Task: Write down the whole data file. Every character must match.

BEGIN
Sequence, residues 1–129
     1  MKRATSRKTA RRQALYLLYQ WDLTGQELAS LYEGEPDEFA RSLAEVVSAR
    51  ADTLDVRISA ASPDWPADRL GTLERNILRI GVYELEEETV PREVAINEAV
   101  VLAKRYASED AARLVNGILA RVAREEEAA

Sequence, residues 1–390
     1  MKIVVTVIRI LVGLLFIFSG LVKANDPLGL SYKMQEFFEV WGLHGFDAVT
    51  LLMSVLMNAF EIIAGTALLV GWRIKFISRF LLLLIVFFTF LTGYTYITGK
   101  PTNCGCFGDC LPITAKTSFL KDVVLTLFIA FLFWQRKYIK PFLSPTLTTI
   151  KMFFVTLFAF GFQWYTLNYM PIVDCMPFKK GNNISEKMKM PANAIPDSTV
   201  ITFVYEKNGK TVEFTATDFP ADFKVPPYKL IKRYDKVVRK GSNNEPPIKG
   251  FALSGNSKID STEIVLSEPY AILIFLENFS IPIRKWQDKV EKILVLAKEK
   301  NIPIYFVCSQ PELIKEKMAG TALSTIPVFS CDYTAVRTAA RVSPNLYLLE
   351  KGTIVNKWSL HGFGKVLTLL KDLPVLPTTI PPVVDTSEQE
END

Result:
Sequence, residues 1–129
     1  MKRATSRKTA RRQALYLLYQ WDLTGQELAS LYEGEPDEFA RSLAEVVSAR
    51  ADTLDVRISA ASPDWPADRL GTLERNILRI GVYELEEETV PREVAINEAV
   101  VLAKRYASED AARLVNGILA RVAREEEAA

Sequence, residues 1–390
     1  MKIVVTVIRI LVGLLFIFSG LVKANDPLGL SYKMQEFFEV WGLHGFDAVT
    51  LLMSVLMNAF EIIAGTALLV GWRIKFISRF LLLLIVFFTF LTGYTYITGK
   101  PTNCGCFGDC LPITAKTSFL KDVVLTLFIA FLFWQRKYIK PFLSPTLTTI
   151  KMFFVTLFAF GFQWYTLNYM PIVDCMPFKK GNNISEKMKM PANAIPDSTV
   201  ITFVYEKNGK TVEFTATDFP ADFKVPPYKL IKRYDKVVRK GSNNEPPIKG
   251  FALSGNSKID STEIVLSEPY AILIFLENFS IPIRKWQDKV EKILVLAKEK
   301  NIPIYFVCSQ PELIKEKMAG TALSTIPVFS CDYTAVRTAA RVSPNLYLLE
   351  KGTIVNKWSL HGFGKVLTLL KDLPVLPTTI PPVVDTSEQE